The FTC accepts applications for Paralegal Specialists at grades GS-5 and GS-7 primarily from January through March. Appointments are competitive, and applicants should apply directly to a vacancy announcement posted at USAJOBS

Honors Paralegals

Honors Paralegals at the FTC work with attorneys, investigators, economists, and other support staff on various kinds of investigation, litigation, and policy work. Honors Paralegals participate in every step of cases at the FTC, from conducting interviews and market research to reviewing company documents, preparing exhibits for trial, and assisting attorneys in the courtroom.

If you are interested in a career in law, economics, business, or public service, the Federal Trade Commission’s Honors Paralegal Program can offer you the opportunity to realize your goals.  Based on the overall needs of the agency, the FTC’s Honors Paralegal Program each year seeks a number of motivated persons for 14-month term appointments as Honors Paralegals in the Bureau of Competition, the Bureau of Consumer Protection, and the Office of the General Counsel.  The appointments can be extended in some cases, up to four years.  When you apply to the Honors Paralegal Program, your application will be considered for openings in BC, BCP, and OGC.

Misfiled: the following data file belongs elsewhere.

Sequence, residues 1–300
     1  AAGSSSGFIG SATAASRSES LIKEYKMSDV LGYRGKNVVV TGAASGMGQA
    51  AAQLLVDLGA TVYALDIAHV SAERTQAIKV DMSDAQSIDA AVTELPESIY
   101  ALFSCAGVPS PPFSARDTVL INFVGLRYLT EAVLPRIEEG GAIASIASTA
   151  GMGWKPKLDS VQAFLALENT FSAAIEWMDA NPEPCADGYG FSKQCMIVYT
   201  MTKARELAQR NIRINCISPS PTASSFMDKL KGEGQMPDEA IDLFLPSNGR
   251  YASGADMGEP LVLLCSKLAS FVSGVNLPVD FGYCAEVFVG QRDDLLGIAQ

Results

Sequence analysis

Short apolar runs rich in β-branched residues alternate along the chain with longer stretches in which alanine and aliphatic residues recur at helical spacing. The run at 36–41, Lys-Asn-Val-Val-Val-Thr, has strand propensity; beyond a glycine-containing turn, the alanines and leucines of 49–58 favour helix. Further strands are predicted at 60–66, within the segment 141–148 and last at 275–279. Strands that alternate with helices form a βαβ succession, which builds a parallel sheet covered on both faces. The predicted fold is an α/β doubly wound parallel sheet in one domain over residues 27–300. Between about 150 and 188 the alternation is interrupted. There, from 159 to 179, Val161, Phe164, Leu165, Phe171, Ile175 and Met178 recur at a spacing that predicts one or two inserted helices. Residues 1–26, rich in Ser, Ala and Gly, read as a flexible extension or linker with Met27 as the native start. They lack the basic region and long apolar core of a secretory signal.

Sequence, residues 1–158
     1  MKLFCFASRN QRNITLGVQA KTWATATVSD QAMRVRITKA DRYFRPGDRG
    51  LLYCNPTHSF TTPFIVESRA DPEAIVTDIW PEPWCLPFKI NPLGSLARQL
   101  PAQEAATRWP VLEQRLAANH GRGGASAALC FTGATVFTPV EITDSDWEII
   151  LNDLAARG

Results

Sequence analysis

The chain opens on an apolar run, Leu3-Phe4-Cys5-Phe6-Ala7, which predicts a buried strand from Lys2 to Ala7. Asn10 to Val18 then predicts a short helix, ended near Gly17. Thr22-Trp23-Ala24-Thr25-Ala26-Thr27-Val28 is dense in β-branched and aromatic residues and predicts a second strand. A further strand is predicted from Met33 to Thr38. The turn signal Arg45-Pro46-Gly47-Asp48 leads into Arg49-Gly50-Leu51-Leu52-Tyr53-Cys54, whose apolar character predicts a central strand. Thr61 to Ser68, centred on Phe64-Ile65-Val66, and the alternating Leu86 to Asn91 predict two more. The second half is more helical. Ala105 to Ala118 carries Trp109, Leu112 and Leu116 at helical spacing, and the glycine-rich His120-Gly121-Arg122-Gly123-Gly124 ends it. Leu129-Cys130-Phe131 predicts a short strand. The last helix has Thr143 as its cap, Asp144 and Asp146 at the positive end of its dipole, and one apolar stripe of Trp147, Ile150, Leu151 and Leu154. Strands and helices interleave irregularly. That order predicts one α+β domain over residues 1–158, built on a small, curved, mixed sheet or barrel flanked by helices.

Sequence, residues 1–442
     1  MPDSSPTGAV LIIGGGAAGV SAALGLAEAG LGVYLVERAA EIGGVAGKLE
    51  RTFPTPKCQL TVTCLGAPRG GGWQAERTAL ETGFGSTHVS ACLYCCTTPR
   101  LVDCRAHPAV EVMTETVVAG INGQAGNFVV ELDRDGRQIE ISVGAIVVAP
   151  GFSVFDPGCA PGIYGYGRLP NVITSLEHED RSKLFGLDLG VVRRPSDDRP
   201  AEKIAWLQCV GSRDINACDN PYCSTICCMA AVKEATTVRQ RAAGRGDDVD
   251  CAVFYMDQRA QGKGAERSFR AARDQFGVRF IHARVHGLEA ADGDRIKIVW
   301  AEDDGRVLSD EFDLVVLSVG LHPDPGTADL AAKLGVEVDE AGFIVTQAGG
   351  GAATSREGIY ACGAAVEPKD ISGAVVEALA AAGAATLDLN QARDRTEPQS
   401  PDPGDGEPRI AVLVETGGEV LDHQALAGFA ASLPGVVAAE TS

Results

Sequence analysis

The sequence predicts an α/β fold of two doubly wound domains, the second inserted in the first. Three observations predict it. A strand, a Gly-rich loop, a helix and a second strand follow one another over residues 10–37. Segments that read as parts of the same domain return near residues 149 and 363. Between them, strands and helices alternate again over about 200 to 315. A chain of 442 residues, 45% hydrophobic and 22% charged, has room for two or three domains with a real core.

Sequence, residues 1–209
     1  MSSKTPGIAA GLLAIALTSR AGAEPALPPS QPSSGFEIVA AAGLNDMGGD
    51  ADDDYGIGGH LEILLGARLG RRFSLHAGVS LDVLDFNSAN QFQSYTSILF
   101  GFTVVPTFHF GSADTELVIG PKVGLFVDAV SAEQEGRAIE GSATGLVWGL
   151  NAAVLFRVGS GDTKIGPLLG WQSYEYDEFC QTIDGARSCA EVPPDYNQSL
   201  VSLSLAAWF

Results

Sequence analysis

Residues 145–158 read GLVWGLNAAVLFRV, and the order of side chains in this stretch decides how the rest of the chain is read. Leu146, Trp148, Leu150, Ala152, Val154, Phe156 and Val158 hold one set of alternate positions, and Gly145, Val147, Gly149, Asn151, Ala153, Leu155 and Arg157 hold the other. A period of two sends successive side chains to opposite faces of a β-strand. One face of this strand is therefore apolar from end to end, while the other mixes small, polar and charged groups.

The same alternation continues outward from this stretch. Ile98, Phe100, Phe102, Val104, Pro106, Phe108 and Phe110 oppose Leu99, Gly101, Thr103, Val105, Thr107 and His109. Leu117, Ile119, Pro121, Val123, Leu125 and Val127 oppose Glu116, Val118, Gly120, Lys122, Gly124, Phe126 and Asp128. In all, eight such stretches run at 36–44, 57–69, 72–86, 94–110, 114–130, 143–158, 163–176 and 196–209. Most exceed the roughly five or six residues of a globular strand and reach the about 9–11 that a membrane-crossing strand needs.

Summer Legal Interns

The FTC has summer employment opportunities (for up to 10 weeks) for law students who have completed one or more years of law school OR who are law school graduates going on to judicial clerkships. The Commission recruits dedicated law students with an exceptional level of commitment to the public interest to enforcing antitrust and consumer protection laws as mandated by Congress. We prefer — but do not require — applicants to have a background in economics or business. Our goal is to offer our summer law clerks intellectually stimulating projects, similar in complexity to those given to junior attorneys, which afford them an opportunity to demonstrate writing, analytical and advocacy skills.  The Bureau of Competition and Bureau of Consumer Protection hire summer legal interns.

Student Clerical Positions

We accept applications, year-round, from students for a variety of clerical support positions. Students must be at least sixteen years old to work. We fill positions at the GS-1 through GS-5 levels, on an as-needed basis. To apply, mail or email your resume, including the number of semester and/or credit hours you've completed, and your most recent transcript.  

Volunteers/Unpaid Internships

The FTC offers student volunteer opportunities throughout the year, upon agreement with your school, for internships primarily in law and economics. In exchange for volunteer services, student volunteers receive enriching learning opportunities and meaningful assignments while learning to recognize the value and importance of volunteer service. usajobs.gov